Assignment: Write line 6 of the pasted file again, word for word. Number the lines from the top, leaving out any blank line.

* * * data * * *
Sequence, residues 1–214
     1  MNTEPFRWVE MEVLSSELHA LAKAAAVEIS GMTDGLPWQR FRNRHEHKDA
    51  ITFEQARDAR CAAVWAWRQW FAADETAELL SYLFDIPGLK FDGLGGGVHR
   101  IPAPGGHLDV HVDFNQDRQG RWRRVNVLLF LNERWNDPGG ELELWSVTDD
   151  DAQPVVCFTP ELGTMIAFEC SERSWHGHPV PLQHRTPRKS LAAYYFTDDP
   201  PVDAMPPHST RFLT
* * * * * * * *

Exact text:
   201  PVDAMPPHST RFLT